It is well-known that the Bitcoin system doesn’t have one single network protocol. In Bitcoin network, any way of obtaining the block is equivalently valid to the blocks over the P2P network, over satellite broadcast and over Freenet.
Thus, Bitcoin uses TCP. However, UDP is used with bitcoin too, but by the Fibre protocol.
As far as common Bitcoin Peer-to-Peer protocol is concerned UDP isn’t a good fit for most operations that it performs. Bitcoin needs to send the messages reliably far larger than an IP packet, such as transactions and blocks. Though the internet is ‘reliable, yet the packet loss rates of 1 to 3% are common, which means that any application in need of large message communication with UDP needs to implement packetization, reordering, retransmission, etc. These are the same things that TCP already implements for us all. A number of applications have rolled their own TCP in userspace have ended up with exploitable bugs. Thus, it’s not something that needs to be done without good cause.
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UDP has issues of NAT traversal. Obtaining bidirectional communication across a NAT with UDP is something that’s not a simple matter. Crossing anything which is more complicated than a full cone, NAT requires a considerable amount of unique code. But, without it, there will so many hosts who can’t talk to other peers with UDP.
In Bitcoin P2P, we use a consistent relationship between nodes for making the network efficient and reliable. Nodes have an idea of what their peers know already, and what they can avoid sending them redundant data. Also, nodes know which peers have been the fastest to send them blocks in the past and handle them particularly.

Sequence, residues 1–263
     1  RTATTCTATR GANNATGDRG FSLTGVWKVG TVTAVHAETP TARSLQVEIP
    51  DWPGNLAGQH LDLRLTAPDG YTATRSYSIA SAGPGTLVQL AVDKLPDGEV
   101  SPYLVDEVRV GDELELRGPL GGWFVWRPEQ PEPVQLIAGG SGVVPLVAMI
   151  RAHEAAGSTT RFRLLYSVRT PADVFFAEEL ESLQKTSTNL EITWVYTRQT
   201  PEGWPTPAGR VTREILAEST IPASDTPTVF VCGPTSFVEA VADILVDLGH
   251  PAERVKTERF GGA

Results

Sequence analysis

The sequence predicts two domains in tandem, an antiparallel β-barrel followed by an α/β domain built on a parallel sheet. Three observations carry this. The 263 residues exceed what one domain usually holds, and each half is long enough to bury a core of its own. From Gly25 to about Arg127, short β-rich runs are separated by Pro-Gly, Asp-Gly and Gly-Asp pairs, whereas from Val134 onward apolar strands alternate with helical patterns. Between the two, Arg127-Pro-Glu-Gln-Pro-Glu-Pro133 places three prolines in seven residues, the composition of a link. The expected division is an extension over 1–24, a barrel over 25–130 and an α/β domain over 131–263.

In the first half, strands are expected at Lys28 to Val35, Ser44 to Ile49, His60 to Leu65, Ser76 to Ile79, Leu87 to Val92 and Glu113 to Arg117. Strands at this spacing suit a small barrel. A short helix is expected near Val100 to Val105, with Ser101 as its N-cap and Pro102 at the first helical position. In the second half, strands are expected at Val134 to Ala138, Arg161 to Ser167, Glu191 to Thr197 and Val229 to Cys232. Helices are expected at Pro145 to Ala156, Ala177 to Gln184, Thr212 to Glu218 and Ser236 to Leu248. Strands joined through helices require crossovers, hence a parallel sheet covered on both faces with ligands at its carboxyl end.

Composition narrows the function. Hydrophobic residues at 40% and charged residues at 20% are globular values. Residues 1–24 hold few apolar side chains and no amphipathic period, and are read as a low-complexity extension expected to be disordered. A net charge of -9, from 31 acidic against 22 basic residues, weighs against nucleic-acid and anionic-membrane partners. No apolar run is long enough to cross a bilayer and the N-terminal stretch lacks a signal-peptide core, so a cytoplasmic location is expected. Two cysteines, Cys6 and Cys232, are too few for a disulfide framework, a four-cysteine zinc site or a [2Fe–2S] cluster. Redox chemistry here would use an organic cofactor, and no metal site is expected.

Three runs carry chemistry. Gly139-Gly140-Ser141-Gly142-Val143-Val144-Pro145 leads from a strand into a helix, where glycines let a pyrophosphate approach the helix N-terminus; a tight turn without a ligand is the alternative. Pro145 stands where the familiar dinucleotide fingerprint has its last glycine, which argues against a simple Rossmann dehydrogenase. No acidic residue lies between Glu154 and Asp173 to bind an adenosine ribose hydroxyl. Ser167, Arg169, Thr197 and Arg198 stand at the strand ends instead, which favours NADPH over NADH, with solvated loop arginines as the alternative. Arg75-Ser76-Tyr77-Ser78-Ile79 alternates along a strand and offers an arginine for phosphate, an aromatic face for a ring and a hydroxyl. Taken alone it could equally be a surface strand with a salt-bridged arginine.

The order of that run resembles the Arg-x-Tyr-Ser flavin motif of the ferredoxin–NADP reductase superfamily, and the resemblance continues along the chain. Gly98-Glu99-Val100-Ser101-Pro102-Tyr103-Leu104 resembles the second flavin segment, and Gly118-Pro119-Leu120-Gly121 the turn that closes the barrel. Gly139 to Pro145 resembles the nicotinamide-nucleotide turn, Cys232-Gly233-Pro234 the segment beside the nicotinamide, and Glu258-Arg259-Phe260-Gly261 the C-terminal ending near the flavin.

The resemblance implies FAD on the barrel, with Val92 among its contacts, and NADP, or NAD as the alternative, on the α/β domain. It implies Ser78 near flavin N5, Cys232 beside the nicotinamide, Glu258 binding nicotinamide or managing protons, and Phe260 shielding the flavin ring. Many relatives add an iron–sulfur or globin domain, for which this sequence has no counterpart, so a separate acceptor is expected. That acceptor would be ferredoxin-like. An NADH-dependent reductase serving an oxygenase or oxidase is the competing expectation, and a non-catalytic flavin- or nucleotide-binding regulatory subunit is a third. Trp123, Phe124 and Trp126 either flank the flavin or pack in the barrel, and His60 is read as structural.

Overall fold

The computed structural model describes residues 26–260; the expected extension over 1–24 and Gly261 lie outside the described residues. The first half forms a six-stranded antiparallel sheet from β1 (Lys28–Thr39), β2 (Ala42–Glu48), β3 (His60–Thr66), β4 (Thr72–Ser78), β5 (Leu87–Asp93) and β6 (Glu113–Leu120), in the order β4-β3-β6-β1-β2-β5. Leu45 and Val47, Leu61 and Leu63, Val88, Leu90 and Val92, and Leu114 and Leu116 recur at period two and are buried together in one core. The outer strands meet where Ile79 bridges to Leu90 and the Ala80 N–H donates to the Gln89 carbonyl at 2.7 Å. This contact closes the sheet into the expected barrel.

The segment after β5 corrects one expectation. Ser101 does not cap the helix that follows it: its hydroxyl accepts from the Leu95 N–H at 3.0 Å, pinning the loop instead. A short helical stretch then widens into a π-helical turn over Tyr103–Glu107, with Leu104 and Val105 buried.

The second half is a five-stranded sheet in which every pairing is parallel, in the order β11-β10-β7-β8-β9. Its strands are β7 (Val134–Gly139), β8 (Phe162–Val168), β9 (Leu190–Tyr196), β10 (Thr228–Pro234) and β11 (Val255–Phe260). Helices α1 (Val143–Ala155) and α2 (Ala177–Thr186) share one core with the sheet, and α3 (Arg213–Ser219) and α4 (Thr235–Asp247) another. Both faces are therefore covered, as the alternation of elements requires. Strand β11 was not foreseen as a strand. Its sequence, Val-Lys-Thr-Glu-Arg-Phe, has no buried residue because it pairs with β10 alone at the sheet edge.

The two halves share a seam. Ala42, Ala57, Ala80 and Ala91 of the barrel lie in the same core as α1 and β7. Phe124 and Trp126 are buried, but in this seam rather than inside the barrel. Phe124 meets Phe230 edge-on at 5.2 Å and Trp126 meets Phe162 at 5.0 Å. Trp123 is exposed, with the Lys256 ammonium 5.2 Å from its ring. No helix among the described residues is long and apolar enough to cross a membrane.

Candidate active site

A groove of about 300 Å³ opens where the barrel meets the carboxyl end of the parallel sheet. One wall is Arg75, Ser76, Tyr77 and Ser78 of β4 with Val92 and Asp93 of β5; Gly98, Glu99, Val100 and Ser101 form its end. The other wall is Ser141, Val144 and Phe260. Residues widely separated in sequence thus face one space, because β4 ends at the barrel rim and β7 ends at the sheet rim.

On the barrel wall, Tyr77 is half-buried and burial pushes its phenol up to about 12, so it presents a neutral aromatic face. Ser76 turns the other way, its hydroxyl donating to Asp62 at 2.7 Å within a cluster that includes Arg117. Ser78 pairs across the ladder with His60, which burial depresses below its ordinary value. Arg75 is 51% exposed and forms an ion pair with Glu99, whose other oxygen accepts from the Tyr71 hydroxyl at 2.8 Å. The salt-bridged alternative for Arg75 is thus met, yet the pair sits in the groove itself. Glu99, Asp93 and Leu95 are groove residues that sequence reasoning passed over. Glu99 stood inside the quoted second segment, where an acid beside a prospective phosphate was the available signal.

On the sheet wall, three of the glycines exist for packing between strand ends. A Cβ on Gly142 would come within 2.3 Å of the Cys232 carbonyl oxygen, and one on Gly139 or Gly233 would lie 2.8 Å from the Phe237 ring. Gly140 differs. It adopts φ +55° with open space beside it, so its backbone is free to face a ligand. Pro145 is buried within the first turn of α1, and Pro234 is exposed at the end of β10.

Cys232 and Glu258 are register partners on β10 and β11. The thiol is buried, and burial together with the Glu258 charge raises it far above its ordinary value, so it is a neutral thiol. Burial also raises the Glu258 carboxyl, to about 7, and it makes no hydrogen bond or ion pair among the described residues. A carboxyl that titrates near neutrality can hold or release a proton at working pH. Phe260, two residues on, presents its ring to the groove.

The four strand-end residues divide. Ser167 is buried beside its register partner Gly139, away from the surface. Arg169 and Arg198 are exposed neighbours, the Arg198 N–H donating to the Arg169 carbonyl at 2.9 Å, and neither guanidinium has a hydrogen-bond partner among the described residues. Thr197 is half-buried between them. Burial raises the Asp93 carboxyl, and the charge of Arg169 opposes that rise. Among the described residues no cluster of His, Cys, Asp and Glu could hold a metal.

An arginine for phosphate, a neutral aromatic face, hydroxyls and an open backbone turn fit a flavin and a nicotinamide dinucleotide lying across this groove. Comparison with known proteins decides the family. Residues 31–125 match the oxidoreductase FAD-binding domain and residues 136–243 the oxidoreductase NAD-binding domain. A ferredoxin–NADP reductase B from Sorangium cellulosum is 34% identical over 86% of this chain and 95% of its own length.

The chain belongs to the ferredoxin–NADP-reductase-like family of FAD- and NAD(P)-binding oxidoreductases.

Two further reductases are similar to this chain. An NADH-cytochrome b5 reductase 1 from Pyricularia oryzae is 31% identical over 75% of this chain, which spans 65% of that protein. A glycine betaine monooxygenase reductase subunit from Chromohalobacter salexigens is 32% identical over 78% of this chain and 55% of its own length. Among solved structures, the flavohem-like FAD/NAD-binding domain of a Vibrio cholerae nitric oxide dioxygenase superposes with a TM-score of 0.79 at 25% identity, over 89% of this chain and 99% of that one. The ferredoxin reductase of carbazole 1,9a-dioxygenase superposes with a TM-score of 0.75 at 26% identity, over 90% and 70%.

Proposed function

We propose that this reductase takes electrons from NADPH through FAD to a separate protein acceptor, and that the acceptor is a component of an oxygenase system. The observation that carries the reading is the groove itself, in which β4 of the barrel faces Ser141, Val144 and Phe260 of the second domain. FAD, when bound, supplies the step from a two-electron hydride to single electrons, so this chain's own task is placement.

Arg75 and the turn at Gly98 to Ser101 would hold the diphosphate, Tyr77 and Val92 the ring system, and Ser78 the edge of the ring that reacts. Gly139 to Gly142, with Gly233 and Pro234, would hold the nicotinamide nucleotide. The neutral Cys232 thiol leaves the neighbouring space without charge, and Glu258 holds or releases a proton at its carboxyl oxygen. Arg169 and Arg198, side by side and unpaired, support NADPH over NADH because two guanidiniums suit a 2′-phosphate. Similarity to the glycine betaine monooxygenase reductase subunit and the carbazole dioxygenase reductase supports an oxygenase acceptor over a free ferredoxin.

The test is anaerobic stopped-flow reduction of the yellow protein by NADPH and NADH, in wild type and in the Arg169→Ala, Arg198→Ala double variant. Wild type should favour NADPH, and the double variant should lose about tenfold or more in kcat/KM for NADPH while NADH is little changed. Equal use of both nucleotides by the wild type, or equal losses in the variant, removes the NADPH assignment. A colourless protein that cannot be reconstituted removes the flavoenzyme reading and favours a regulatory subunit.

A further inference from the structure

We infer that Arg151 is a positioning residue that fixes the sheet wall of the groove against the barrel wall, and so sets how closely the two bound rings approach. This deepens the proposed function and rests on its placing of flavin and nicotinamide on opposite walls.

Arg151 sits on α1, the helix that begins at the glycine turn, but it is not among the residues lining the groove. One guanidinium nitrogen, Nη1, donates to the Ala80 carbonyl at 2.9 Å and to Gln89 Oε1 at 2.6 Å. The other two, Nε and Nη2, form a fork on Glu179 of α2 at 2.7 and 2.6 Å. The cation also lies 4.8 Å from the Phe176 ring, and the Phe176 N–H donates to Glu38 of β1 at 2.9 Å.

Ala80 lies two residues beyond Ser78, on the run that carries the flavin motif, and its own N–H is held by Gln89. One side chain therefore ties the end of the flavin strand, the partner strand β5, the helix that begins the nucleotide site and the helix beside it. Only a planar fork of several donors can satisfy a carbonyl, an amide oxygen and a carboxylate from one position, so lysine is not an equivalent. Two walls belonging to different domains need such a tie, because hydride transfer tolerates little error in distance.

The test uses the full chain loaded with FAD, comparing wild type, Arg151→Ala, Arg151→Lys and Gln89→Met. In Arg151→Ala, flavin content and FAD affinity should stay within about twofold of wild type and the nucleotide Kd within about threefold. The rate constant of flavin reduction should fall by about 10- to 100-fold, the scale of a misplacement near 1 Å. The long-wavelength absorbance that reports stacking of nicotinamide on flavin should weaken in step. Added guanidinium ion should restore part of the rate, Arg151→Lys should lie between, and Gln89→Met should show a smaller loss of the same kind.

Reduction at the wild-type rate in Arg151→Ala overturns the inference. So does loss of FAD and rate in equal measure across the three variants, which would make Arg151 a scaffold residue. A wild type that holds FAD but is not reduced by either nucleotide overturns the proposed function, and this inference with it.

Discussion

Similarly, even if the protocol is connectionless, yet there are costs involved to process messages from peers by prioritizing handling messages from the peer. And, Bitcoin is capable of reducing the impact of some kinds of DDoS attack.
Handling larger than one-packet messages mean that even with a connectionless transport, still there needs to be a sort of persistent state.
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How is TCP Better?
Yes, TCP is reliable!
If a single bit is disrupted amid the communication, then TCP will take care of the retransmission. Thus, from a programming point of view, you can see the TCP connection as a tunnel which assures you that the data will get on the other side.
Unless you have reliability, you can’t be assured that a transaction succeeded, and the entire system will ultimately collapse.
As Alec Cawley said –
“You should always try to use TCP because you are going to want reliability all the time. Well, I believe this is an overstatement. UDP is simple and fast, and this makes it perfect for real-time traffic like video and audio streams, or VoIP. On top of that, it has just the minimum overhead. So, in case the links are performant and we have no drops, it is more bandwidth efficient than TCP.”
In simple words, Bitcoin uses the TCP protocol to ensure absolute reliability.
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